Bloody Zombies Review

Sidescrolling beat ’em ups made a bit of a comeback last generation thanks largely to the fantastic Castle Crashers. That game took an aging genre and reinvigorated it thanks to an array of slick design choices and its smooth, responsive gameplay. The Behemoth’s tremendously forward thinking game led to an array of imitators, and while it remains the high watermark for the genre, it did encourage a brief renaissance for one of 90s gaming most popular staples.

nDreams’, Bloody Zombies has sadly failed to build upon the foundations established by Castle Crashers, instead delivering what could kindly be referred to as something of a throwback. VR support on PS4 and PC does lend the game a certain sense of modernity, but even that feels tacked on to what is an otherwise painfully average side Sidescrolling beat ’em.

It’s all competent enough on a technical level and the visuals are ok if you’re in to that kind of thing, but even here, it lacks imagination and flair, and while I’ll admit that some of the enemy design is imaginative, any goodwill is usually undone by the bland and largely irritating playable characters who continually spout the kind of annoyingly repetitive dialogue that is likely to have you reaching for the mute button.

I could get over that if the gameplay was up to scratch, but honestly, in light of more recent examples of the genre, or even when compared to the classic Konami and Capcom releases of the early to mid-90s, Bloody Zombies fails to capture the magic that makes many of those games so fondly remembered more than 20 years later.

Simply put, it fails to deliver the gameplay and content that made Castle Crashers great and falls miserably short of delivering the kind of style and aesthetic impact that made the otherwise simplistic likes of Turtles in Times, The Simpsons, Streets of Rage and Final Fight quite so memorable.

In fairness, Bloody Zombies has made some effort to introduce modern features via the inclusion of additional techniques and abilities that are unlocked as you progress, but even these feel awkwardly implemented and largely ineffectual with inputs for these moves often spongey and imprecise. For as long as the game lasted, I pretty much kept to the same core combos and a handful of simple abilities I had early in the game. There is very rarely any reason to shift your approach to gameplay with most enemies taken down via basic combos alone.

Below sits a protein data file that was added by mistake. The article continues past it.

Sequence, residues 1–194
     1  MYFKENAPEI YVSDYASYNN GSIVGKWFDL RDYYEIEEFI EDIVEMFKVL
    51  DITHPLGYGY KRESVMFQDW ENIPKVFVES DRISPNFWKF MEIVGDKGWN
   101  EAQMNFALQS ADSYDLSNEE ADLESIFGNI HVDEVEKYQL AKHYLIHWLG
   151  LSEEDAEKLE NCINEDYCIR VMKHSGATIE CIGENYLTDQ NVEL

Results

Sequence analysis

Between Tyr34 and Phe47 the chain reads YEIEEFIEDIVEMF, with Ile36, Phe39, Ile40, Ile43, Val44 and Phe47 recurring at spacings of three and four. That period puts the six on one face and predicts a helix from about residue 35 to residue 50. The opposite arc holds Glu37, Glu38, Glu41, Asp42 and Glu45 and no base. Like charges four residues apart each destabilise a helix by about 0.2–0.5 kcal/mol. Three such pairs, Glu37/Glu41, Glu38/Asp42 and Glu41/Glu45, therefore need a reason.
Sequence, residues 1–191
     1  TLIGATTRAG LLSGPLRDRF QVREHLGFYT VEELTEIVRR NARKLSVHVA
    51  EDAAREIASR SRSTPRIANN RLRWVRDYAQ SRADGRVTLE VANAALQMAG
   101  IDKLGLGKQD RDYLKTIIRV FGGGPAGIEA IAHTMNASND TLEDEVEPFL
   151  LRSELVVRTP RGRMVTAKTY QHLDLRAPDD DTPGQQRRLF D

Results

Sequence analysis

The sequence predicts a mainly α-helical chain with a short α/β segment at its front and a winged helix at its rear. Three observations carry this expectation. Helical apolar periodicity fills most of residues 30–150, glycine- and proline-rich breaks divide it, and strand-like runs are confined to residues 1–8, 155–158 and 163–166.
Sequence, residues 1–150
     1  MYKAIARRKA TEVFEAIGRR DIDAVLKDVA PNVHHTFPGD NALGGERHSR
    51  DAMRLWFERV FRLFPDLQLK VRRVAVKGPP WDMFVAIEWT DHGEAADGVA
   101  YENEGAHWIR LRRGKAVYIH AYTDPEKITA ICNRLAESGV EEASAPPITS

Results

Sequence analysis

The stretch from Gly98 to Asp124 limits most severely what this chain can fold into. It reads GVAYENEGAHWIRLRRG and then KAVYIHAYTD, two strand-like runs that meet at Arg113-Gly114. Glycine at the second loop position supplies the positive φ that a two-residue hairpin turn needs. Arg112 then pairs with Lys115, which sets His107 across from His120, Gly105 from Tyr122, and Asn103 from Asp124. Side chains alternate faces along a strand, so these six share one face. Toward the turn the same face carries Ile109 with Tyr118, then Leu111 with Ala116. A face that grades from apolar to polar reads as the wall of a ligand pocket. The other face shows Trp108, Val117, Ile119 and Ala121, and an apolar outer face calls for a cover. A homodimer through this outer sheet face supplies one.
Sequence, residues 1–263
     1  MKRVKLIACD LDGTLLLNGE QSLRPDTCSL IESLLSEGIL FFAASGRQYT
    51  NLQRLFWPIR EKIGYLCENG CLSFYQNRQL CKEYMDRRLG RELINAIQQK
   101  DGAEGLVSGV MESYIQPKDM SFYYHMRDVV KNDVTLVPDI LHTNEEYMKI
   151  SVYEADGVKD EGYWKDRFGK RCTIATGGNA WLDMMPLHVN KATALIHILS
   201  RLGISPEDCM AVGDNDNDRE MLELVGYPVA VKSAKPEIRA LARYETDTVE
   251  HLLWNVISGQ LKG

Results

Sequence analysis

Sadly, the core gameplay is no better. The simple combos work fine, but the game is just so slow. Movement is awkward and attacks lack any sense of style. Enemies too, while often cool to look at, are an absolute pain to put down. They’re not particularly difficult to take out, they just take ages to do so, thus adding to the sluggish gameplay and complete lack of urgency or pace. The absurdly tiny hit boxes don’t help either; unless you’re lined up pixel perfect with your enemy, you’re going to find yourself throwing punches at air before having to awkwardly and yes, slowly moving yourself back into position.

The game is more fun when played with friends of course, and there is the option to play online cooperatively, but solid multiplayer does little to paper over the cracks of what is an otherwise painfully bland and disappointingly cumbersome sidescrolling beat ’em up.

There is a decent amount of content for those who take to it (those blinded by nostalgia perhaps) and some might appreciate the inclusion of VR support on PS4 and PC, but at its core, Bloody Zombies is a cumbersome, forgettable and largely disappointing experience. Too slow and artistically bland to match the 90s classics and too limited and repetitive to compete with the modern likes of Castle Crashers, nDreams’, Bloody Zombies sadly fails to deliver at any end of the gaming spectrum.

REVIEW CODE: A complimentary Microsoft Xbox One code was provided to Bonus Stage for this review. Please send all review code enquiries to editor@bonusstage.co.uk.

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